Labour humiliated in Brecon by-election Brexit blow for Jeremy Corbyn

Labour is humiliated on a disastrous night in Brecon as Tom Davies narrowly avoids losing his deposit and the party haemorrhages support in a sign that voters are turning away from Jeremy Corbyn as he sits on the fence over Brexit

  • Tom Davies got just 1,680 votes, down 12% on the 2017 General Election result
  • The 12% swing away from Labour was the worst of any of the parties taking part
  • It is certain to lead to criticism of the opposition leader’s Brexit position 

Labour suffered a torrid night at the Brecon by-election today as they were beaten into fourth place by the Brexit Party.

Local lawyer Tom Davies attracted just 1,680 votes, down 12 per cent on the party’s showing at the 2017 General Election.

He was lucky to have his £500 election deposit returned as his 1,680 votes were just 5.28 per cent of the vote – polling below 5 per cent sees the money retained.

Labour was not expecting to win a seat long fought over by the Tories and Lib Dems.

But the scale of their poor showing in Wales, a traditional stronghold, is likely to cause concern Jeremy Corbyn’s top team.

The swing away from Labour was the worst negative swing of any of the parties taking part in the by-election. 

It is certain to lead to criticism of the opposition leader’s Brexit position, with the party accused of trying to appeal to both Leave and Remain voters with a confused policy.

Local lawyer Tom Davies attracted just 1,680 votes, down 12 per cent on the party’s showing at the 2017 General Election

Mr Corbyn has said Labour will back Remain in any referendum on a Tory Brexit deal, but has remained silent on what it would do if it achieved its own Brexit plan. 

It has raised fears from both Labour Brexiteers and Remainers that he plans to back the other.

Appearing on Sky’s Ridge on Sunday at the weekend Mr Corbyn was asked if Labour now supported a second referendum in all circumstances.

He said: ‘What we are saying is, No Deal we oppose and we think people should have a final choice on it.

‘We could have a vote then between Remain or whatever option Boris Johnson decides to put to them at that time.’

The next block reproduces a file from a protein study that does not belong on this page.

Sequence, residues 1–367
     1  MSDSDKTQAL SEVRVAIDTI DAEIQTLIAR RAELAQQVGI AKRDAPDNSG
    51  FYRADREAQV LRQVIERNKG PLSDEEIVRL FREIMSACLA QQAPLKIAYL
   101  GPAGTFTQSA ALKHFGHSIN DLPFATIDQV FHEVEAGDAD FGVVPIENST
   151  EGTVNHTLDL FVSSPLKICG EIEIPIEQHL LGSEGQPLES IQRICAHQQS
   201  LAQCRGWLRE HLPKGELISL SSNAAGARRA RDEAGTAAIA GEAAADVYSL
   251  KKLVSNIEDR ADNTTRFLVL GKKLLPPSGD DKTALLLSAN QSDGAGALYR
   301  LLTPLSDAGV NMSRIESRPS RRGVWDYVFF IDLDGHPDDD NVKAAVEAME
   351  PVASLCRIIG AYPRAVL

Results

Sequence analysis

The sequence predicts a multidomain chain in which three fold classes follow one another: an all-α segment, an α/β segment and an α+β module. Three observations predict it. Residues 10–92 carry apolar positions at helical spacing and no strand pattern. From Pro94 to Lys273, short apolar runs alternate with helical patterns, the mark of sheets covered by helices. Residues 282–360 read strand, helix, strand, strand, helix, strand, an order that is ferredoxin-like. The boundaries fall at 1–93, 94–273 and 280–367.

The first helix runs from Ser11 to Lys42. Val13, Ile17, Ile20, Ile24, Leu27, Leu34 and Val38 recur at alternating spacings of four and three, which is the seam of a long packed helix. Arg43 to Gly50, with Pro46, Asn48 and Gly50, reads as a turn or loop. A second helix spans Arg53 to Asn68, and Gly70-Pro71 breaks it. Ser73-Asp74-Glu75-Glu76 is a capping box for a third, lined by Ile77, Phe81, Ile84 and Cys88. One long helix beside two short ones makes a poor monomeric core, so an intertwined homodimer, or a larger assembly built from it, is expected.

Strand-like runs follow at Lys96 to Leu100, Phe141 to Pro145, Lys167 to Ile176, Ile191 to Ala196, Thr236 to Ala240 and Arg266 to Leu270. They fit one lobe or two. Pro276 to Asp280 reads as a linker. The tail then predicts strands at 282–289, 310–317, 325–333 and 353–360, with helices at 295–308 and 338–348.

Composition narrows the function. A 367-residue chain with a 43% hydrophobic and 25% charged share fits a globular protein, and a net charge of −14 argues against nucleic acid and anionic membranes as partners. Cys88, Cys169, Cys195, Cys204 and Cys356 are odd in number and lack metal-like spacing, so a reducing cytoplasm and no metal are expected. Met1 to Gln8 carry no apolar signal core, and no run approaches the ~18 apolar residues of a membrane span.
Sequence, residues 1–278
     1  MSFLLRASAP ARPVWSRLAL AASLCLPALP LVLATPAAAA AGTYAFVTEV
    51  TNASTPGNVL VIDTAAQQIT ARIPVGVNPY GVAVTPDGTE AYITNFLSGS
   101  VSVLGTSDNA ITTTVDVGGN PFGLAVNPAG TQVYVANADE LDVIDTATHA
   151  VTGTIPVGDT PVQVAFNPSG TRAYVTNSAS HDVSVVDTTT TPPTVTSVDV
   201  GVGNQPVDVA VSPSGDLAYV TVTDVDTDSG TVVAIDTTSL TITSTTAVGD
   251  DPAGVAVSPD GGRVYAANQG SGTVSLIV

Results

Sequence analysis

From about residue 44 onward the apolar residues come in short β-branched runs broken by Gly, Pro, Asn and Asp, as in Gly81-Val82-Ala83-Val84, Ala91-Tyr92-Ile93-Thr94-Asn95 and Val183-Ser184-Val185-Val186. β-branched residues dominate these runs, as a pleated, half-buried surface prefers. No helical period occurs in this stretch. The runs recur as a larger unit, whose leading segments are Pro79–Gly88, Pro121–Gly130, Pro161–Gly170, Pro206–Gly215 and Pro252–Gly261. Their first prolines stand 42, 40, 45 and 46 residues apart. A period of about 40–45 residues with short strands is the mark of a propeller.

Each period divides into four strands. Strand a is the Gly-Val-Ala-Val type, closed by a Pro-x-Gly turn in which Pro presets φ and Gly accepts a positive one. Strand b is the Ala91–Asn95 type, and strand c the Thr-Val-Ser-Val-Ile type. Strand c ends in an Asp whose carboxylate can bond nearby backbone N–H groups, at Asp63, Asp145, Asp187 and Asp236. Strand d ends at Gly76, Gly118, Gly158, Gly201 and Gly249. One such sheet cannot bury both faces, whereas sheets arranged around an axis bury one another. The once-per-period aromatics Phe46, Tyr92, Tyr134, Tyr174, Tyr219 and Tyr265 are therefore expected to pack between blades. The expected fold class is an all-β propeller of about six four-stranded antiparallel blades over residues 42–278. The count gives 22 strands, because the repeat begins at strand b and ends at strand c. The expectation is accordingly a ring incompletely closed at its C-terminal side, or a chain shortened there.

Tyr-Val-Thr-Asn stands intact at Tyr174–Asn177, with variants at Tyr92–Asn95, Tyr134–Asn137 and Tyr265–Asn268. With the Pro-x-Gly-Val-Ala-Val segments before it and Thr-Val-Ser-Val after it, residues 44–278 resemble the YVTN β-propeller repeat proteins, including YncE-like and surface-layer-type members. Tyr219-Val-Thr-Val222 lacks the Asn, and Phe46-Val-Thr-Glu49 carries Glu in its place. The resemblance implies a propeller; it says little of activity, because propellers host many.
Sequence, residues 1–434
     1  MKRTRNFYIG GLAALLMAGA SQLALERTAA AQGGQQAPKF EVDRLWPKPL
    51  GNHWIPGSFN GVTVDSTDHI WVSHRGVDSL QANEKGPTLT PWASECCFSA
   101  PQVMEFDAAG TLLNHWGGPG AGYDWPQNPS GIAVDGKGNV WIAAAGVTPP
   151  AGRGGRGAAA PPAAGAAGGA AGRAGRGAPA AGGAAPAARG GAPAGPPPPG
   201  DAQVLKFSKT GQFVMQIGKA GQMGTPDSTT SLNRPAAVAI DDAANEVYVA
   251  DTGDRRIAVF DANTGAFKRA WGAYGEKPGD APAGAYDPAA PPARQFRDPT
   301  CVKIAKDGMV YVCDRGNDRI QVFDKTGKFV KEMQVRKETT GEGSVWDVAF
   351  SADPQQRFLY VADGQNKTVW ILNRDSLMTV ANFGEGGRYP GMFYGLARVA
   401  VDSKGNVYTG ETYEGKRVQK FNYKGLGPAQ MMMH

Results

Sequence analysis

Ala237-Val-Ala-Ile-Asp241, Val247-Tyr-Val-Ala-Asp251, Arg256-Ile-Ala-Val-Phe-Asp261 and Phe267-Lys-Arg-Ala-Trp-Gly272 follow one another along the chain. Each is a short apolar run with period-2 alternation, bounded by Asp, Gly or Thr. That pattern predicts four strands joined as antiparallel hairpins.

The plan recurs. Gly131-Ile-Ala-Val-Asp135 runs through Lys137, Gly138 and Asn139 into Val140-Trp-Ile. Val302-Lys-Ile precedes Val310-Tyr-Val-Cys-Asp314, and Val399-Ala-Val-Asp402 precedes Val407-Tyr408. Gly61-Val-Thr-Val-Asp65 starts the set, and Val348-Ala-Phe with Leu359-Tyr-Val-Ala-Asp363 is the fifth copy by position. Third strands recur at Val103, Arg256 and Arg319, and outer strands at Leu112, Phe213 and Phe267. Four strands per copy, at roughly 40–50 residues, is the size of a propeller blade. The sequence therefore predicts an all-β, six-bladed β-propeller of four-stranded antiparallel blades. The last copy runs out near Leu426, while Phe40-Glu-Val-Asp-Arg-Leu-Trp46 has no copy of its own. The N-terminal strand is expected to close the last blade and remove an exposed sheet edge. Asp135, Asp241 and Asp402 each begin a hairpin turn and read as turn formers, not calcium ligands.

Asked the same question again, Mr Corbyn said: ‘There would be a second referendum to make a choice between whatever deal is arranged and what the public want.’

Mr Davies was lucky to have his £500 election deposit returned as his 1,680 votes were just 5.28 per cent of the vote – polling below 5 per cent sees the money retained

The Labour leader (pictured in Blackpool on Wednesday) said his party would campaign to Remain in a referendum where the other option was No Deal. But he would not be drawn on how the party would campaign in a referendum on a Labour deal

The Labour leader said his party would campaign to Remain in a referendum where the other option was No Deal.

Emily Thornberry later put herself on a potential collision path with Mr Corbyn after she said the party would be ‘off our bloody rockers’ not to back Remain in any second referendum.

The shadow foreign secretary used an interview in Australia to say that if the UK got a chance to stay in the EU ‘we should take it’ because of the potential damage to trade.

Her comments appear to put her at odds with her party leader, who has said Labour will back Remain in any referendum on a Tory Brexit deal, but has remained silent on what it would do if it achieved its own Brexit plan. 

Ms Thornberry has appeared increasingly at odds with Mr Corbyn and his senior team in recent weeks as she has become more outspoken in support of more overt Labour backing for Remain.

She was replaced by Rebecca Long-Bailey last month in her role standing in for the party leader at Prime Minister’s Questions in an apparent demotion.

Appearing on Sky Australia, Ms Thornberry said: ‘When I’ve been talking to people here in Australia…what’s really come home to me is that one of the reasons for the increased success of the Australian economy…is that you increased your trade with your closest neighbours, and yet in Britain what we’re doing is walking away from our closest neighbours and our biggest trading allies.

‘And people that I’ve spoken to here appreciate that, and I have to say practically all of them…have said if we get an opportunity to remain in the European Union, we should take it. Because if we don’t, we’re off our bloody rockers.’

 

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